Sam Voutas: A Fellow Greek Makes it in China

Sam Voutas: A Fellow Greek Makes it in China

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How easy -or should we say how hard- is to make it in China as a non-Asian actor, director and producer? This is what we talked about with fellow Greek, Sam Voutas, an accomplished filmmaker and actor. Sam is multicultural by birth. He was born in Australia of Greek parents, grew up in Asia, and now calls Beijing home. His latest film is titled “Red Light Revolution”, and was recently showcased at the Santa Barbara Film Festival with great reviews. The story is about a regular unemployed Chinese guy who decides to open a sex shop in order to “get by”. In his exclusive interview with Greek Reporter, Sam talks about making it in China, his film, and his future plans that may include Hollywood. And in case you are wondering… yes he does speak Mandarin fluently.

Where are you from and where did you grow up?
On my father’s side the family is from Kastania, a little village in the hills not far from Neapolis in Lakonia. My Grandfather opened a little café in Canberra, where I was born. Well, I wasn’t born in the café per se, that would make an even better story! My Dad’s name is Anthony, but everyone at the boarding school called him Sam because the last Greek kid who’d been at the school was called Sam. Or at least that’s what they called that other kid. So when I was born, my father decided to give me the name he had at school. When my folks got work overseas I then grew up in a variety of cities in the Asia Pacific, including Manila, Taipei, and Beijing.

How did you end up in China?
I think the travel bug has always been in the family. Whether that’s my Granddad who chose to get on a boat to Australia from Greece, or my Dad who chose to live in Papua New Guinea in the sixties. I don’t see living in China as an end, but rather as part of the trip. I hope to see an awful lot more yet.

Sam Voutas

What culture had more influence on you?
That’s a tough one. In terms of language it would be Chinese because I’ve spent so long studying it. Can I say it was a bit of both? I reckon that your background has a strong influence on you. For my Dad it was very important to take me to Greece to not only see the family, but also introduce me to its history. I read a lot of Greek mythology as a kid and my folks took me to the Minotaur’s labyrinth in Crete, Mount Olympus, the places from the adventures I’d read about. At Epidavros my Dad encouraged me to deliver lines on the stage, with him in the amphitheater listening. Those early trips to Greece definitely had a strong influence on me.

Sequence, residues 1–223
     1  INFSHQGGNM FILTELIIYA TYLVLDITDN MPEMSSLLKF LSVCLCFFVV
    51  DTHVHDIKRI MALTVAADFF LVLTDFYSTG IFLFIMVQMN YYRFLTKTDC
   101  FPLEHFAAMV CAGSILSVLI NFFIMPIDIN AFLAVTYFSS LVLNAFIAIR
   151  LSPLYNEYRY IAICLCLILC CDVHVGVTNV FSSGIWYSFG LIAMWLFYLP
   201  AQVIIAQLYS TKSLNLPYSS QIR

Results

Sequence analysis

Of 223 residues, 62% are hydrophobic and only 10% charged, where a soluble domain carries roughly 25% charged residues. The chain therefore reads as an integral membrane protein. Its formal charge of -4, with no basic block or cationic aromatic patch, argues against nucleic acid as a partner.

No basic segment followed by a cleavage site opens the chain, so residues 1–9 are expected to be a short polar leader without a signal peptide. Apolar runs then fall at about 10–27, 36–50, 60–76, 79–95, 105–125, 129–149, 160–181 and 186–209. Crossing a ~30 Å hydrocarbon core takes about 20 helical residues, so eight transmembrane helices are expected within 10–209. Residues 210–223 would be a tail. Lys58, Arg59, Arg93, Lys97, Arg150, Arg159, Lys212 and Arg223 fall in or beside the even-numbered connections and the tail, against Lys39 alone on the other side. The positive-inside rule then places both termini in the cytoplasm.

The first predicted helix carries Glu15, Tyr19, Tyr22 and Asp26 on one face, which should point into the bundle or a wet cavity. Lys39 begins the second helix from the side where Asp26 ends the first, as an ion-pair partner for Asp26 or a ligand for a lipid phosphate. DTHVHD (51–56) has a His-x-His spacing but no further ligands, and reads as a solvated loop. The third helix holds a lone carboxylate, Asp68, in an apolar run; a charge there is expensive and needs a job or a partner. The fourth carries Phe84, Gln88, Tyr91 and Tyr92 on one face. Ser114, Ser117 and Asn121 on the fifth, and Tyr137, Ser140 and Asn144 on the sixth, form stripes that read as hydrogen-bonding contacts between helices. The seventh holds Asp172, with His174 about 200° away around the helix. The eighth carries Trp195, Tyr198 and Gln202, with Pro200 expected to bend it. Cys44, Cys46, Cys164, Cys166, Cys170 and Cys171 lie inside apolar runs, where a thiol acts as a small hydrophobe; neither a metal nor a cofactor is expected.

When did you decide you want to start acting and making movies?
I’ve been performing ever since I was a kid, and not necessarily well either. When I was in university I started auditioning for student short films. And I’d read these scripts, and some were good, but most were terrible. And I’d get rejected at auditions for terrible roles in terrible films. That’s when you know it’s time to change professions. That’s when I started directing. The acting bug is always with me though.

Do you consider yourself more an actor or director?
I think I prefer the focus one needs as an actor. They’ll shoot a take and you essentially need to find that mental and emotional space where you’re natural. It’s so simple that it’s virtually impossible. I really enjoy that challenge, more so because I feel I fail every time and that encourages me. I keep thinking maybe I’ll get it at the next take. But the downside is that a large part of being an actor is waiting for the phone to ring. I’ve learned I’m even worse at that. Doesn’t matter how many times I’ve done it before, I just don’t enjoy the waiting. That’s when the directing comes in, as it gives me something creative to do between acting gigs.


Watch Sam acting in a Chinese film

Did you experience a culture shock when you first moved to China?
When I first moved there in the mid-eighties, there were hardly any Westerners, and Western kids were even more rare. I remember going to the market and folks on the street wanting to touch my hair, pick me up, pinch my cheeks, that wasn’t exactly my cup of tea. But on the other hand everyone was incredibly warm to me as a kid. I felt very welcome. I think I had culture shock when I got back to Australia actually!

How do the Chinese perceive foreigners? The Greeks?